Lesson Plans: Trebuchets



 
 Turning and Flinging: Simple Machines in the Classroom

By Jarred Araujo, Jenna Hiller and Andrew Hyde

Paper published online by Western Michigan University (2006)

Abstract: Students enrolled in a multidisciplinary service learning engineering design course work in groups to make working prototypes of hands-on experiments in STEM (Science, Technology, Engineering, and Mathematics) areas for K-12 teachers. The module to be discussed addresses the topic of “simple machines,” geared for a 3 rd -grade classroom but adaptable to other age groups. The student-designed materials involve plastic gears used on separate platforms designed to allow the young students to place and move components in specified or experimental locations. Students could change the positions and relationships of the components to have variety of outcomes. As a starting point, two to five different configurations would be used by the 3 rd -graders to become familiar with how the various machine components work. Then, the students would be free to innovate the gear arrangement as they wished. An additional project involved the use of catapults. Students were given a list of materials to build one, develop the idea of the lever. This lesson was meant to be inquiry-based such that children would be free to ask questions and use their own creativity to build their catapult. A competition of accuracy was be implemented to increase motivation. Students in the class were asked for oral and written responses to observational questions throughout the process. The lesson was evaluated by having students link the scientific method and knowledge of simple machines to their design processes and stating their results. The classroom trials proved successful but there were several flaws such as the need for more time, to keep their attention, for a visual aid or example demonstration.

Click here to read this article from Western Michigan University

Trebuchet – Design, Build, Test, Compete

Lesson Plan by David McNeich

For Grades 3-5

Overview: In this lesson the students will design, construct and test trebuchets to ultimately compete for bragging rights and possibly a prize. The focus of this activity is for the students to be able to work as a group with each individual having a unique set of responsibilities. The students will investigate forces and motion.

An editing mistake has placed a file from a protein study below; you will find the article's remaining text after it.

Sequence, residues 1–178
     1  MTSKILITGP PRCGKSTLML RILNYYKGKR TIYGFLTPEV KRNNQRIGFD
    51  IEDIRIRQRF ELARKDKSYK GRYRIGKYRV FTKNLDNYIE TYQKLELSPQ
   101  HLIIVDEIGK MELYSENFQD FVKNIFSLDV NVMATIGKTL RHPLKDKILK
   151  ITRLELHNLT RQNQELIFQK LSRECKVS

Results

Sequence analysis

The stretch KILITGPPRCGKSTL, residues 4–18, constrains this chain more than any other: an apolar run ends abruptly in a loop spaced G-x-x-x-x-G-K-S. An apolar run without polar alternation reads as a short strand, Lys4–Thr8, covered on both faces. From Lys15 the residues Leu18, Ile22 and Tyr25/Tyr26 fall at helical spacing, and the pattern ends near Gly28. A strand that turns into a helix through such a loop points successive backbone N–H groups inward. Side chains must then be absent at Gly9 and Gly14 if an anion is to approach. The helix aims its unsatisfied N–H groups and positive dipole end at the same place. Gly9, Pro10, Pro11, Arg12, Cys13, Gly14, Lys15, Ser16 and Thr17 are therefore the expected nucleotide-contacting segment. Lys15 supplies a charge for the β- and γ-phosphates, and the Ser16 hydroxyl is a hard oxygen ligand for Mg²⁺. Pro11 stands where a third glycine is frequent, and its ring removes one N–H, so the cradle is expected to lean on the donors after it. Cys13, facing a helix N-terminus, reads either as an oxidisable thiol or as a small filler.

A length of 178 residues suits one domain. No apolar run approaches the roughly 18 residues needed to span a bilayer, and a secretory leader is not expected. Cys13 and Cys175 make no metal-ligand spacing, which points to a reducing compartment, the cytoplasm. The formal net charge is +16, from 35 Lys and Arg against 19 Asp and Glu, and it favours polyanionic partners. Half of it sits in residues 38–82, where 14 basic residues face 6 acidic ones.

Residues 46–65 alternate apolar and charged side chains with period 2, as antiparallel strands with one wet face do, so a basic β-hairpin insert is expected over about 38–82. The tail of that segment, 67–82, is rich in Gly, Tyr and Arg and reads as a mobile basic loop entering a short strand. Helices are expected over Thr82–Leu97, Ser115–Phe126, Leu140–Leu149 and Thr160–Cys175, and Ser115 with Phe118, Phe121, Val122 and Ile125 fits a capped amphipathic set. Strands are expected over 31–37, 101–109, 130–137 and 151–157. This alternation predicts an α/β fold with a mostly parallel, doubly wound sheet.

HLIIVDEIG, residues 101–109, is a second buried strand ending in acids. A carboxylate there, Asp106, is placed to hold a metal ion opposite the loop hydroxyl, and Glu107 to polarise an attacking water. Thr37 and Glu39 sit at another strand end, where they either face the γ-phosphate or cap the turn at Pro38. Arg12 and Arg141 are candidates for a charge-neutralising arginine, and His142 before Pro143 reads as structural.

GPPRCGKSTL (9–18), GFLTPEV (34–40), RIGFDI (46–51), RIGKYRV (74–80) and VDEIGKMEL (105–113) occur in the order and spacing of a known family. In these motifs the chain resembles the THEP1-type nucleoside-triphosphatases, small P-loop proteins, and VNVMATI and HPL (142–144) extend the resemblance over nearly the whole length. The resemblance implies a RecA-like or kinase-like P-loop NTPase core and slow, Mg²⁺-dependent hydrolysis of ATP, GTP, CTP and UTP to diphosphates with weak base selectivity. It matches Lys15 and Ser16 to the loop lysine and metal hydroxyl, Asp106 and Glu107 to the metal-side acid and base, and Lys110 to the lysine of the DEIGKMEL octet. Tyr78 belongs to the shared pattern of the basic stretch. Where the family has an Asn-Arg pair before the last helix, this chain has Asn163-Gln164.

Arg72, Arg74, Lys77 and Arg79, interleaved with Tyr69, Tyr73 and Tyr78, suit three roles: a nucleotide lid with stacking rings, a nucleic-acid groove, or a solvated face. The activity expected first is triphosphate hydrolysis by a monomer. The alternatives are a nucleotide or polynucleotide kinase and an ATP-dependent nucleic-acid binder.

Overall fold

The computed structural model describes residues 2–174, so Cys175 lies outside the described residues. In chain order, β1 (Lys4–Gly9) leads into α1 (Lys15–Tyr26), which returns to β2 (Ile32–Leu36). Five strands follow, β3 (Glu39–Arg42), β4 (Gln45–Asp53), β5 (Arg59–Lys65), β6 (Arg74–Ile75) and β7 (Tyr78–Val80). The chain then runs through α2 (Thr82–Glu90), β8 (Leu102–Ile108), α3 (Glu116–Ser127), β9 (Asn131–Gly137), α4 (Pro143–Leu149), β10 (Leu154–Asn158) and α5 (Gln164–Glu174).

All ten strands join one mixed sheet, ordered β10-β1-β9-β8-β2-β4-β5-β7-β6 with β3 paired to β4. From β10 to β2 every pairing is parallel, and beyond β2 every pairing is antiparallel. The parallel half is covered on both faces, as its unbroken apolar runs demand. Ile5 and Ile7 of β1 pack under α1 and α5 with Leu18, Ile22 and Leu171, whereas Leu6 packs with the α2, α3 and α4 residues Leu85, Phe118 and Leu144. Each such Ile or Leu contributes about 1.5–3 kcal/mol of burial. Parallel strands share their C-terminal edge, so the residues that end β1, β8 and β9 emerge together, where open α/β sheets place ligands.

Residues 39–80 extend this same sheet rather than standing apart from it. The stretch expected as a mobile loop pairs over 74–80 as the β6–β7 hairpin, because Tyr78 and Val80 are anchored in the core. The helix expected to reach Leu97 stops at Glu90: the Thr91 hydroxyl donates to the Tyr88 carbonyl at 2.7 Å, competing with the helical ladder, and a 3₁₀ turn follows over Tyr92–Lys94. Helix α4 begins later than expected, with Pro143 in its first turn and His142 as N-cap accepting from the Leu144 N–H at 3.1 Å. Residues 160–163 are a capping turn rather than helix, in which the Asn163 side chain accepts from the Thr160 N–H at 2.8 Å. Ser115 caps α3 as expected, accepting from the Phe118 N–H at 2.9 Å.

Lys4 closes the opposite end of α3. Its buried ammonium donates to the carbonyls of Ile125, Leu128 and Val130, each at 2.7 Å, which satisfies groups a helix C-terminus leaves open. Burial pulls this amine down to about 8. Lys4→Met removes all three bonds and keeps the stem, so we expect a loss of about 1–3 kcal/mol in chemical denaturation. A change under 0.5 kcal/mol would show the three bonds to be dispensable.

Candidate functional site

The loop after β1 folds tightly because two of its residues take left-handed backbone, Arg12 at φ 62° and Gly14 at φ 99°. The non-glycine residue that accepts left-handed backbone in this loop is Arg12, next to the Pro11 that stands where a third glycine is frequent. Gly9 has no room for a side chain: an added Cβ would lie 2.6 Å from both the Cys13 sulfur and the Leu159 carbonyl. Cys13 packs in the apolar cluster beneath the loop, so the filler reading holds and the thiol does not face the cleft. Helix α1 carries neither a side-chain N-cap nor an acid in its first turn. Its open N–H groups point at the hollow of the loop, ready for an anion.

Click here to read this lesson plan from Chatham.org


Trebuchet Toss

Lesson Plan by TryEngineering.com

For High School students

Overview: This lesson focuses on trebuchet design. Teams of students construct trebuchets from everyday materials. They then test their trebuchets to determine the farthest distance they can hit a target with a marshmallow projectile.

Click here to read this lesson plan from TryEngineering.org


Secrets of Lost Empires II — Medieval Siege

From the PBS program NOVA: England’s Edward I is said to have used a fearsome machine, called “Warwolf,” to batter his enemies’ castle walls into rubble. Historians think Warwolf was a wooden trebuchet, a missile-throwing siege weapon that dominated siege warfare until cannons were invented. In the Scottish countryside, teams build two trebuchet designs side by side, using medieval building techniques. Will either, or both, be capable of destroying a model castle wall at a distance of 200 yards (182 meters)?

Click here to read the Teacher’s Resources section from NOVA

Click here to read ‘Energy Transfer in a Trebuchet’ Lesson Plan

Catapults and Trebuchets

Lesson Plan by the Worcester Polytechnic Institute

For Grade 6 students

Summary: The students will learn about catapults and trebuchets, the type of energy and simple machines they use to propel projectiles. The students will also be given an engineering design task and the opportunity to complete the engineering design process.

Click here to read this lesson plan from the Worcester Polytechnic Institute

Trebuchet Attack: A Game of Simple Physics and Mathematical Relationships for Primary School Children

By David Beaudoin (2009)

Introduction: Trebuchet Attack serves just this purpose by allowing students to experience the raw power of physics and mechanics in a simple and understandable manner. Learning the mechanics behind a trebuchet is no different than learning the mechanics of other simple machines, but provides a much more rich illustration of the potential that simple machines have to alter the world around them. Trebuchets served as one of the most powerful siege weapons for nearly 1500 years and were only displaced by the advent of gunpowder. The relationship between the weight of the counterweight of the trebuchet and the weight of it’s projectile is easily understood and acts much like a traditional level, but on a much grander scale. Most importantly, Trebuchet Attack introduces the basic mechanics and relationships between mass, weight, velocity and distance, laying the groundwork for a wide range of future technical learning and investigation.

Click here to read this article from Michigan State University